Lunenburg and Littleton are two of the state's top five fastest-growing municipalities, according to 2018 U.S. Census Bureau estimates.
Population in both towns increased significantly between 2010 and 2018, according to the yearly estimate. Lunenburg's population surged 15.58% in the eight-year span, and Littleton's population grew by 14.76%.
"Lunenburg is a great place to live and I understand why people want to be here," said Adam Burney, Lunenburg land use director.
In his four years of living in Lunenburg, Burney has witnessed much growth in the town of around 11,675 current residents.
"People come for the rural atmosphere," he said, from woodlands to conservation areas. Lunenburg boasts over 800 acres of protected farmland.
Parents often head west of Boston to raise families, Burney explained. For the price of a small place in the city, they can find a bigger house with a yard in the suburbs.
Plus, Lunenburg is just north of Route 2, which facilitates travel to the city.
If it isn't the land that draws families to Lunenburg, Burney said, there's a good chance it's the school system.
"We have historically had a quality school system," he said. "They take their charge of educating our children seriously."
In 2018, Lunenburg High School's four-year graduation rate was 97.9%, compared to the state graduation rate of 87.8%.
In terms of housing development in Lunenburg, big changes may be on the way. The planning board is currently considering a proposal for a 122-unit subdivision of single-family homes in a mostly residential area off Howard Street, according to Burney.
"With all of the growth that we've gotten, we've also gotten some challenges," Burney admitted.
He is concerned that there will not be enough commercial growth to please new residents and produce the tax revenue needed to fund areas such as public schools, police and fire forces.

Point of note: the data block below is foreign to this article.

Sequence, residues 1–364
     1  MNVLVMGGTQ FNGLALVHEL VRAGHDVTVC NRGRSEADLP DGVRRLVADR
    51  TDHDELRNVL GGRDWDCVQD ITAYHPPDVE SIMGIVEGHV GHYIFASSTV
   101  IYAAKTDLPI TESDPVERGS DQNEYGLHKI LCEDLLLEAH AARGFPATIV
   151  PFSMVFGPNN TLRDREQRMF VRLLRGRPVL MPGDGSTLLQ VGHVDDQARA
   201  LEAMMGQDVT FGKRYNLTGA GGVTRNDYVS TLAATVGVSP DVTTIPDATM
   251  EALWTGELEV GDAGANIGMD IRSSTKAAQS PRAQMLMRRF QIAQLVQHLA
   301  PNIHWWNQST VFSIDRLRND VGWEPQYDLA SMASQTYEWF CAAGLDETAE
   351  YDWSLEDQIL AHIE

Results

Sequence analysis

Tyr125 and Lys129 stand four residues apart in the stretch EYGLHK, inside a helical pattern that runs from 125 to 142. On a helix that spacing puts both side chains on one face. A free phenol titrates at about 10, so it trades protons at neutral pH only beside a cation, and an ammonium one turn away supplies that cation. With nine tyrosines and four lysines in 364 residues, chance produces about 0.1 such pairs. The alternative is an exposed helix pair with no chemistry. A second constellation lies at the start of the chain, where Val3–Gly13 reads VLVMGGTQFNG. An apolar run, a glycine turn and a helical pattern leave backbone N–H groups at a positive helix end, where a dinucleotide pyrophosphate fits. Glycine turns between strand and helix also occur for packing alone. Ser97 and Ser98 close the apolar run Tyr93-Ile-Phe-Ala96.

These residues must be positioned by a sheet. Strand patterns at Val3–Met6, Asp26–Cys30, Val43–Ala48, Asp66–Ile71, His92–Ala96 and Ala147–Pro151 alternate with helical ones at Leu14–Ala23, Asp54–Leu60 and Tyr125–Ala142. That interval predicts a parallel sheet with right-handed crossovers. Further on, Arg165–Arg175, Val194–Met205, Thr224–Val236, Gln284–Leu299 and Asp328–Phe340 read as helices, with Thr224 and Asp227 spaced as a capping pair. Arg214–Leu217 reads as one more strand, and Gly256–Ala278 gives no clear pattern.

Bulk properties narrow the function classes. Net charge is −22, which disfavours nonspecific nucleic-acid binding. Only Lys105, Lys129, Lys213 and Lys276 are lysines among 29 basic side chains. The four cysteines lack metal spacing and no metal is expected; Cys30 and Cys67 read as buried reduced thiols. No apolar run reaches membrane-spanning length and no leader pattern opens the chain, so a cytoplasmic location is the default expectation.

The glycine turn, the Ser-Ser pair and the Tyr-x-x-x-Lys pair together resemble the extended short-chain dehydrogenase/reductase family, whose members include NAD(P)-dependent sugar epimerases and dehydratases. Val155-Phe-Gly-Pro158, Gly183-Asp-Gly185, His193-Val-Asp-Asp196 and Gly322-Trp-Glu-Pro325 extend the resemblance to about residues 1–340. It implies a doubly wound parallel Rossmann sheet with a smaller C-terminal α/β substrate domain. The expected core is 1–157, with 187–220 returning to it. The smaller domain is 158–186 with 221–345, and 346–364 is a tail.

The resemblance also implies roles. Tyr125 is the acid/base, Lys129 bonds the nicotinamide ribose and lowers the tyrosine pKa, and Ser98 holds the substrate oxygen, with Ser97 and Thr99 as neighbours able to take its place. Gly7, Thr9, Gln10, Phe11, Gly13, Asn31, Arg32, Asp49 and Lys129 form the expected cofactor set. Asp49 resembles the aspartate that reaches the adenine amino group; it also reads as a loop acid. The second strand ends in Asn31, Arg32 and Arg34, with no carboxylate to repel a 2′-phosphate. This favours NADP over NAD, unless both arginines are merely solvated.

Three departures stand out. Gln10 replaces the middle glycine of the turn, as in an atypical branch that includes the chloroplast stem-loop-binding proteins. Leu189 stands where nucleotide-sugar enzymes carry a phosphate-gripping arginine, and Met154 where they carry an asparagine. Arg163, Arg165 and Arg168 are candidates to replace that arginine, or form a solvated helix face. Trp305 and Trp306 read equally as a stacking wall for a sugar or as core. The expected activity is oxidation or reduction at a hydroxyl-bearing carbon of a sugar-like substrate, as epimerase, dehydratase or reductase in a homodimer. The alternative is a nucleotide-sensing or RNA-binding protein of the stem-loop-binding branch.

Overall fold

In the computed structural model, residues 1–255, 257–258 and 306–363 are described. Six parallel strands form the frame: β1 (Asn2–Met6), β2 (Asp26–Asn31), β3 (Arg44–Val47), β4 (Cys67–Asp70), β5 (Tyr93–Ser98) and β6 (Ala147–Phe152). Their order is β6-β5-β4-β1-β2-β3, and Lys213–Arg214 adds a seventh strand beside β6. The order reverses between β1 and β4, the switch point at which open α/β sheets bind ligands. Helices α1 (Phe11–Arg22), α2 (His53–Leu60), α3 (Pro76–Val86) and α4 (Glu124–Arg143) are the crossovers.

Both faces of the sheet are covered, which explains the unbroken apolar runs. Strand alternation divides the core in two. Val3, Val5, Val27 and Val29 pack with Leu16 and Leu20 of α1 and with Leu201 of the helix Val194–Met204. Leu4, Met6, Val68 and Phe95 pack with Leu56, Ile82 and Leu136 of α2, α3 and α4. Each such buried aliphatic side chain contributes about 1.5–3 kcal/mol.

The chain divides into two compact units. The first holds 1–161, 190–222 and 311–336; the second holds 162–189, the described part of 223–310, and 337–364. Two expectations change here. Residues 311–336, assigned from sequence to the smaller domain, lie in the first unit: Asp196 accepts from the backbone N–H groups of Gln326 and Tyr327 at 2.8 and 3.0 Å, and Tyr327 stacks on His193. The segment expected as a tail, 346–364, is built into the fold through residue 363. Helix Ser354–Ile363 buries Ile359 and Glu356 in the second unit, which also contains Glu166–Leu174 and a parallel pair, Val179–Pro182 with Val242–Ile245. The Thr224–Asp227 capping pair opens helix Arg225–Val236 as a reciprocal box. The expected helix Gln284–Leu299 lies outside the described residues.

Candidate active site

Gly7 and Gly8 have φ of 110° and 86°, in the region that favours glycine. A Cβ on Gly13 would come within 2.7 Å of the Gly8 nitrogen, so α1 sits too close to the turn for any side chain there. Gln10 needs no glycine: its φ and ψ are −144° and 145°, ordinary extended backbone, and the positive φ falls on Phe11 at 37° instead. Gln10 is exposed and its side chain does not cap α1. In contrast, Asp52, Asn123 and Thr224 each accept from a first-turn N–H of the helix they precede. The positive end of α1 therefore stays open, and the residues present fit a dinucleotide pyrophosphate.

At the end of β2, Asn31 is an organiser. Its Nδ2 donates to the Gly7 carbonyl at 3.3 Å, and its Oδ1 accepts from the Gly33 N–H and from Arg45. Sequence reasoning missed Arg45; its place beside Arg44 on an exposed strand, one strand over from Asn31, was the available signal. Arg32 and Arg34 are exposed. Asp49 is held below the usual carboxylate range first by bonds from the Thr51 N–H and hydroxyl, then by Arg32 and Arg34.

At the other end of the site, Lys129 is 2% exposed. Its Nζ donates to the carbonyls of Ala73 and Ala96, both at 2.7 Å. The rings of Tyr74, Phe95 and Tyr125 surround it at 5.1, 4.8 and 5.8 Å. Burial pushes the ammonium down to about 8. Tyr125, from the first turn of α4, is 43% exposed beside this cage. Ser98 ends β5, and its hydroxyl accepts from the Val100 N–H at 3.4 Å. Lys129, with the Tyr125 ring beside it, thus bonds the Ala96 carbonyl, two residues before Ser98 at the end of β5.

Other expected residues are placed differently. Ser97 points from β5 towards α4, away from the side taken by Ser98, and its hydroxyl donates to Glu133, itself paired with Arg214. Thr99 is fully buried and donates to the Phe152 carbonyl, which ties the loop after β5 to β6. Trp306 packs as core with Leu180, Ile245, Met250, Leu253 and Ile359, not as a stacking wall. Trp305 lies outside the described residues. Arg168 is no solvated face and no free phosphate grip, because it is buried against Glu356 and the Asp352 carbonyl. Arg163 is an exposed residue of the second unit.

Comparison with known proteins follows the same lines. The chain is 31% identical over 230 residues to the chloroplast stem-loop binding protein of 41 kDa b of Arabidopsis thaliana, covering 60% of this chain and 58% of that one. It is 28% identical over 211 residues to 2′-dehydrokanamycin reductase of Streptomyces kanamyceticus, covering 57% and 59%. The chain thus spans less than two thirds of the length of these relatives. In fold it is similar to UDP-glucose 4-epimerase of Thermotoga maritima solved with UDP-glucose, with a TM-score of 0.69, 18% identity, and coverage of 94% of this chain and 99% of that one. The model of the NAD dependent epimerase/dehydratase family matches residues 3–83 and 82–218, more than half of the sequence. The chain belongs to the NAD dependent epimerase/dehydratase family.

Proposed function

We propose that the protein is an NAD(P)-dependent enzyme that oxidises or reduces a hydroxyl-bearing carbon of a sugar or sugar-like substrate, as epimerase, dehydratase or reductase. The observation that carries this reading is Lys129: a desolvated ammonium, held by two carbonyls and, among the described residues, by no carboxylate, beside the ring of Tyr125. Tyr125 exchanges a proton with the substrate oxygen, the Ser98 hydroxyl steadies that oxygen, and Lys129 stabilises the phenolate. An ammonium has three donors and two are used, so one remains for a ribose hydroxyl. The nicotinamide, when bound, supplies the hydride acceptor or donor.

"People who are newly moved here are generally welcomed," he said. "It's my hope that we can balance that with some thoughtful and appropriate commercial growth that would provide us with the balance that our tax base would need," he continued.
Littleton Town Planner Maren Toohill said the roughly 10,241-person town has seen major changes in the last 10 to 15 years, including a steady increase in residential development.
"It's a logical place to want to live to get to work," she said, noting that Interstate 495 and Route 2 pass right through town.
Quality schools are another plus, according to Toohill.
"The Littleton school system has been known as being very strong for a number of years," she said.
Littleton High School's four-year graduation rate was 97.2% in 2018.
Cheryl Cowley, proprietor of Littleton-based Cowley Associates Real Estate, said many of her clients are drawn by the public schools' small class sizes and options for advanced placement and special needs.
Aside from a "well-rated" school system, Cowley touted the town's picturesque Long Lake Beach and public parks, and The Point, a recently constructed shopping center on Constitution Avenue.
With all the development, Cowley said, "I'm concerned about school systems and infrastructure being able to keep up."
But she doesn't blame new residents for wanting to set roots in Littleton. "What a wonderful town it is," she said.
Nicole DeFeudis: @Nicole_DeFeudis on Twitter